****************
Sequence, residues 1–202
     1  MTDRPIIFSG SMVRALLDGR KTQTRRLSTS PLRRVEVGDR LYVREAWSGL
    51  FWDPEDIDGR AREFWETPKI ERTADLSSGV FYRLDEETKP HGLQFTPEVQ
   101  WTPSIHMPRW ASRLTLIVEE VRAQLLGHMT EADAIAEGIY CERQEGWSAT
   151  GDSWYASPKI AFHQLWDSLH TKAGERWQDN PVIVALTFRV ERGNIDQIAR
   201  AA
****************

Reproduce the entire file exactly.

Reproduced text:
Sequence, residues 1–202
     1  MTDRPIIFSG SMVRALLDGR KTQTRRLSTS PLRRVEVGDR LYVREAWSGL
    51  FWDPEDIDGR AREFWETPKI ERTADLSSGV FYRLDEETKP HGLQFTPEVQ
   101  WTPSIHMPRW ASRLTLIVEE VRAQLLGHMT EADAIAEGIY CERQEGWSAT
   151  GDSWYASPKI AFHQLWDSLH TKAGERWQDN PVIVALTFRV ERGNIDQIAR
   201  AA